If you notice that the man you are talking to has a big nose, then you really should let him know. Otherwise, he might be carrying on under the illusion that it’s average, or just slightly big, or even worse – irrelevant to your current conversation. He might be planning to enter a “Mr Average Nose” competition so to spare everyone’s blushes on the day, just deal with it there and then. Likewise, if you’re talking to a woman, then you should fully assume that she’ll be delighted to hear about her miniscule head. All those years clamping it in a vice - when the other kids were out happy-slapping and sniffing glue - will have finally paid off. If she reacts angrily or looks a little nonplussed, then it won’t be your fault; obviously her brain must be incredibly small.

8. Reveal your low expectations of others.

If you see a foreigner using chopsticks or reading katakana, you should gasp and clap with all your might. If you have a fish or peanut to hand, lob it in their general direction with one hand and, with the other, take a quick picture of their happy little face.

9. Throw political correctness to the wind.

If you have any theories about the special, unique development of the Japanese brain in relation to other Asians, or why women are unfit for management, then here’s the place to share them. Likewise, if you want to ask an immigrant “When are you going home?” then do so. Don’t expect that his Japanese wife and kids enrolled in local schools will be considered reasons to stay. If you are in conversation with a woman and find the topic drifting to politics, you should apologize and offer to change the topic to cushions, cute animated movies or handbags. Otherwise, she might die.

10. Lighten up about lighting up.

The brilliance of those hand-free child carriers is that they leave you free to spark up without having to offload the little terror first. Smoking around children is nothing like the taboo it has become in western countries, so let the guilt (like the smoke wafting into their undeveloped lungs) drift away. Also, since secondhand tobacco enriches the flavor of most foods, be generous in restaurants and izakaya. Don’t selfishly expect someone else to provide all the smoke for you!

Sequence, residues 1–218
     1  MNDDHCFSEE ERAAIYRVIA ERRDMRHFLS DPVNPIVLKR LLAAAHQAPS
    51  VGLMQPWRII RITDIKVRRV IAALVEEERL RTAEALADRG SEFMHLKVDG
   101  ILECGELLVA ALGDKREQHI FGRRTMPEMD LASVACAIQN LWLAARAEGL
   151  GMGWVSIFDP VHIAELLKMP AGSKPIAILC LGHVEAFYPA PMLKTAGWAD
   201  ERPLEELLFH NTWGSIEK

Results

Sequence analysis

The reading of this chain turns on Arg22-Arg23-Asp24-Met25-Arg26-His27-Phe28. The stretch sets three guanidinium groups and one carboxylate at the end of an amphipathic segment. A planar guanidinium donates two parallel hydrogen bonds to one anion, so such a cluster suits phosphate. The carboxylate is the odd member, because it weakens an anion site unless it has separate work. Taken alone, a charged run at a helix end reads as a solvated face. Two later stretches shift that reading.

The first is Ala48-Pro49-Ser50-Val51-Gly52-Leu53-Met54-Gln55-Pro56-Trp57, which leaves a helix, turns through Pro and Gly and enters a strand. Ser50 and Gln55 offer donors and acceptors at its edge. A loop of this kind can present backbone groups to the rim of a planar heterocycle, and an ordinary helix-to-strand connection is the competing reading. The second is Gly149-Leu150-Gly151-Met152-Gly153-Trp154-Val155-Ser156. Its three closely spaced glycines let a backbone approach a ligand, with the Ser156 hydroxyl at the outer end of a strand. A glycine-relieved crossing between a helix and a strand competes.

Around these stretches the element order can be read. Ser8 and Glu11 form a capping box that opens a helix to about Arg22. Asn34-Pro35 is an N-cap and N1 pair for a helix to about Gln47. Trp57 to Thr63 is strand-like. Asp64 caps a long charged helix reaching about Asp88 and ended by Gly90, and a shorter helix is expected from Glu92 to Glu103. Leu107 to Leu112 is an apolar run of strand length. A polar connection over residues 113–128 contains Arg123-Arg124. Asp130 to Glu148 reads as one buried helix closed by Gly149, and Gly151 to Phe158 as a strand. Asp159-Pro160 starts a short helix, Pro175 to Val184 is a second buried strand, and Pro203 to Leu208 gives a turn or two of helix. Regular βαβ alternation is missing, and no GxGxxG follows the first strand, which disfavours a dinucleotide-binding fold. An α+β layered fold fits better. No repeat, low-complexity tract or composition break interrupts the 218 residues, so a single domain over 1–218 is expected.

So, these are some of things you might encounter in Japan; hardly earth-shattering, but interesting nonetheless. Of course, compared with the truly shocking behavior that faces the Japanese people who visit the shores of our home countries, these are trivial. I mention them largely because I think they’re quite funny.

If you’re in Japan or have lived here for a time, please share any other customs you’ve noticed. There are bound to be a few!


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    • cheerfulnuts profile image

      cheerfulnuts 6 years ago from Manila, Philippines

      Hi bugsy81, this is funny!:) I've been to Japan once and stayed there for only a few days, so I didn't get a chance to get to know the Japanese people. However, our local tour guide told us a bit about them. She said that it's ok for Japanese to read porn in public places, and worn undies can be bought from vending machines.

    • vaguesan profile image

      vaguesan 7 years ago from Osaka, Japan

      yes. So true. sigh...

      This basically sums up almost everyday of my life in Japan.

    • luvintkandtj profile image

      luvintkandtj 7 years ago from USA

      This was soooooooo funny. I read this to my japanese mother (who was raise dint the states). #4,5, and 8 were our favorites.

    • lmmartin profile image

      lmmartin 8 years ago from Alberta and Florida